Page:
I love Twitter, actually. I cultivate relationships and have made bona fide friends there. I keep up with current events. I learn so much from others, writers especially. I curate feeds that enlighten me and, hopefully, chip away at some of the willful (or at least one-sided) ignorance I’ve harbored in some very specific areas for too long. It’s one thing for me to say I am a feminist/am not racist/wholly embrace LGBTQ folks/am open-minded/etc., and it’s quite another to actually allow information in from a wider range of people, some who are so different from me. I’ve taken deliberate strides to diversify my feed, and I am so glad that I have.
Yet the consequence of all that is once in a while—when my defenses are down— there are feelings of being left out or the sense that I’m talking into the abyss. If I’m not careful, I can take things said (or unsaid) personally. It has the capacity (if and when I let it) to diminish time with my favorite people and activities. All ridiculous, I know. I know! Plus, to put it bluntly, I’m having a harder time letting nosy people mine random snippets about me (or others I engage with)—it’s creepy and I’m not entirely sure how to handle it, but that’s a topic for another day [insert tantrum-y I’m taking my ball home defense here].
More than anything though, on Twitter I see vitriol and despair that seemingly fills up too much of our world every single day. Even when I know they are trolls, witnessing the mean-spirited nature of some people becomes draining, even if it does not affect me directly. I can only imagine what it must be like for those on the receiving end of some of the barbs I see. It turns me sour and jaded. Yes, I could make Twitter just a fun space, but I think much of its potential would be lost that way, and so I continue to follow a wide range of accounts.
I think there is the capacity for some, especially those who are not actually engaging on Twitter but are “on there” in some capacity (stalking would be another word I might use), to think that folks who use Twitter have their eyes glued to it nonstop and with total disregard for their priorities. Maybe that’s the case for some, but not me and I suspect most others. I definitely glance at it often throughout the day, whether it be to take the equivalent of a water cooler break (I work alone from home) or to find inspiration for something I’m working on, or even just to get caught up on the news, but I am not obsessive about it. That said, I was shocked to experience what might be called withdrawal symptoms those first few hours when I turned it off on those Fridays. I expect the same today, though the figurative twitching subsides earlier each time.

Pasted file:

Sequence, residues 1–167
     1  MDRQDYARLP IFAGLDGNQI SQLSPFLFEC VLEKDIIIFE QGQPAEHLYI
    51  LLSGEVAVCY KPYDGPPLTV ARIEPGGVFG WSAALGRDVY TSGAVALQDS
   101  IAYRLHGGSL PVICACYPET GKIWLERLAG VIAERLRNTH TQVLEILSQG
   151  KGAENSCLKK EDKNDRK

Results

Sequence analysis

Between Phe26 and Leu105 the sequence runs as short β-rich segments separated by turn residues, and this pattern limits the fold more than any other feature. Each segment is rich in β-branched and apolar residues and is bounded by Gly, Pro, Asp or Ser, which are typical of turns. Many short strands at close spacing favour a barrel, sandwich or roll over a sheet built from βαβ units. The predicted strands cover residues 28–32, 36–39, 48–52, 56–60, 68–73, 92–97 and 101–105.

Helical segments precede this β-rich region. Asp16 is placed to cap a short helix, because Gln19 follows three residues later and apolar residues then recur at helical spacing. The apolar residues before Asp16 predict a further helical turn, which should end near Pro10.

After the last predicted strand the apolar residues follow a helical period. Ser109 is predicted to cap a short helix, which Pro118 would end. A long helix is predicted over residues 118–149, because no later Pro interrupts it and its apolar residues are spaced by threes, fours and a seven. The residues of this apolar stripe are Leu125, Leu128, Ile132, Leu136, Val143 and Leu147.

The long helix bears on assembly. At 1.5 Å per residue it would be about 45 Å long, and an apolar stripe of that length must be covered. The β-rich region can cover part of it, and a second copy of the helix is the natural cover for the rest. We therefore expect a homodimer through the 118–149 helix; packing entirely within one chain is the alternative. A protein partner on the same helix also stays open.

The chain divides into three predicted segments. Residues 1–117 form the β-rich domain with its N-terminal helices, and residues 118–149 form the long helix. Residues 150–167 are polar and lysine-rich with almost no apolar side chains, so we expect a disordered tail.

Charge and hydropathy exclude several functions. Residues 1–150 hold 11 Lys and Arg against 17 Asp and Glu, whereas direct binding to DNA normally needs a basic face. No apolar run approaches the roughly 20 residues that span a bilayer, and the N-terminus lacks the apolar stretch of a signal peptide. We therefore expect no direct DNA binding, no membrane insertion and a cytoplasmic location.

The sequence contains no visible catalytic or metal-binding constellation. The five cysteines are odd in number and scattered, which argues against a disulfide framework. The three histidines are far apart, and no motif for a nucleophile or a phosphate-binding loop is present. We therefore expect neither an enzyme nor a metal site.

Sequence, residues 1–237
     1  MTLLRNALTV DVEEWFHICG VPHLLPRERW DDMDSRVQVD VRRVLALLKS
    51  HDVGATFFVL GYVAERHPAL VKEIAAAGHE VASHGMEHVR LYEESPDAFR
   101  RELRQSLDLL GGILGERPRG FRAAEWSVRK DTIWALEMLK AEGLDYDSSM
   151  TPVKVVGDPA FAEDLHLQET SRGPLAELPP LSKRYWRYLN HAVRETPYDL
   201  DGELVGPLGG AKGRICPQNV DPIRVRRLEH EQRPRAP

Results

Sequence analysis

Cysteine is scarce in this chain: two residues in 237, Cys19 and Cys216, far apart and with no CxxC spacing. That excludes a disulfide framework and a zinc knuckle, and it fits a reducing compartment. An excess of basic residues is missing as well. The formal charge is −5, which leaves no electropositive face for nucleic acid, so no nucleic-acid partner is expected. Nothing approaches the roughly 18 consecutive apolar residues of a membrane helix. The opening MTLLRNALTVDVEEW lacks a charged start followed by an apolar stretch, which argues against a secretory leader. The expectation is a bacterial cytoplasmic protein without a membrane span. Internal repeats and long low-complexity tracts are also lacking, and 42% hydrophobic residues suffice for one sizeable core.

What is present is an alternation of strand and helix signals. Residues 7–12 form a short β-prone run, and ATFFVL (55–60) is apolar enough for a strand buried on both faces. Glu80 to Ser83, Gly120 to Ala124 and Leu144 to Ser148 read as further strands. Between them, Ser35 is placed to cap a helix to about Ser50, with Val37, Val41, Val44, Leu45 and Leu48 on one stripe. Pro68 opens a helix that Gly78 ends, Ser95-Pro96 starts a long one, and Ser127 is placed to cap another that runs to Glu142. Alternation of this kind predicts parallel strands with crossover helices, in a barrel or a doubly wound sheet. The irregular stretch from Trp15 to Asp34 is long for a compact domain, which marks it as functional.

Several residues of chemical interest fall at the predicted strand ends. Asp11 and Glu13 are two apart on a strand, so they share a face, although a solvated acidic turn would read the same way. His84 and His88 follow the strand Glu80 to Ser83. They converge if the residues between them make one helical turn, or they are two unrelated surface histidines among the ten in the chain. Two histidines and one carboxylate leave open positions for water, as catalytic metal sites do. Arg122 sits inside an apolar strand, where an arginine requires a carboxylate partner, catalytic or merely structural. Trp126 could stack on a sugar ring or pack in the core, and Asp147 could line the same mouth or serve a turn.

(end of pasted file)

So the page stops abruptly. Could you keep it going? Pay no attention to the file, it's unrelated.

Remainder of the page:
It’s a habit to look there and seek validation/interaction/information, even if it is not a full blown addiction. That is enough for me to recognize I must take a break sometimes. Given my personality, I have to schedule breaks for a specific and regular timeframe; I cannot just dial it back on a daily basis (I’ve tried). So, I turn it off. I take a break. And instead, I dig deep into other things and people that sustain me and enrich my precious time in a far deeper way.
It’s interesting, I think, to contemplate all of these things, particularly for those (like me) who are not digital natives—the need for information, the constancy of it, and the signs that it may be too much. What do you think? Do you ever take deliberate breaks?
* My Twitter handle is @littlelodestar. It’s the same on Instagram, but that is a private account, so you’ll need to request to follow. As of about a month ago, I almost never cross-post Instagram photos to Twitter anymore except maybe an extraordinary sunset or two.
Copyright (c) 2015 Kristen M. Ploetz
Late April has arrived and the sun is about to set. Small clouds of gnats form in the slanted, golden light. Their chaotic winged energy swirls and circles above the granite boulder, still warm from the day’s sunshine. Two robins call to each other over the din of highway traffic. Perhaps they will try to meet. A sharp wind whines through a barely open window on the porch, groaning in protest. It’s too early, too cold, it howls. I ignore the suggestion. The breeze feels good on my cheek. It reminds me that summer will soon be here.
Around the block my daughter is trying in earnest to ride her new bike without training wheels. I don’t know how it’s going, though I imagine much better with only one parent there than two. Especially if it’s not me, it seems. Something similar happened when she learned how to swim. I don’t hold it against her. I remind myself that her father should teach her to drive.
Then, without warning, I start to wonder if I’ve ever told her how to store tomatoes. On the counter or the windowsill, never in the refrigerator. It’s an odd, if not premature, thing to worry about, right? Most first graders do not need to know these things.
Without effort, my mind wanders unchecked. The list of things still left to be said unravels like a spool of thread knocked off a table. The weight of the wisdom to be handed down grows heavier in my heart.
It becomes harder to breathe when I let these thoughts sink in. I often need to fight back tears. There is nothing specifically or even generally that should cause this apprehension, but it mounts often. This is how my mind works. Will there be enough time?
Sewing a button
First crush and broken hearts
Seasoning a cast iron skillet
How to find her true north
The sun is setting now, and two tires spin almost silently up the driveway. Though I cannot hear the words, her voice giggles with the enthusiasm of a woodland brook in spring. It is the sound of progress and determination. It is the sound of growth and life.
The spool of thread comes to a soft thud against the wall.
There’s time, I tell myself. There’s still time.
Copyright (c) 2015 Kristen M. Ploetz